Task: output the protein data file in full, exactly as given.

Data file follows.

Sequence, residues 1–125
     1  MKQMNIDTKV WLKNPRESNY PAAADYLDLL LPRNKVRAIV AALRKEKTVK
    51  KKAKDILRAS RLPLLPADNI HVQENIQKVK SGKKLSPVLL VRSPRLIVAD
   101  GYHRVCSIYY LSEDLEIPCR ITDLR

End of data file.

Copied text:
Sequence, residues 1–125
     1  MKQMNIDTKV WLKNPRESNY PAAADYLDLL LPRNKVRAIV AALRKEKTVK
    51  KKAKDILRAS RLPLLPADNI HVQENIQKVK SGKKLSPVLL VRSPRLIVAD
   101  GYHRVCSIYY LSEDLEIPCR ITDLR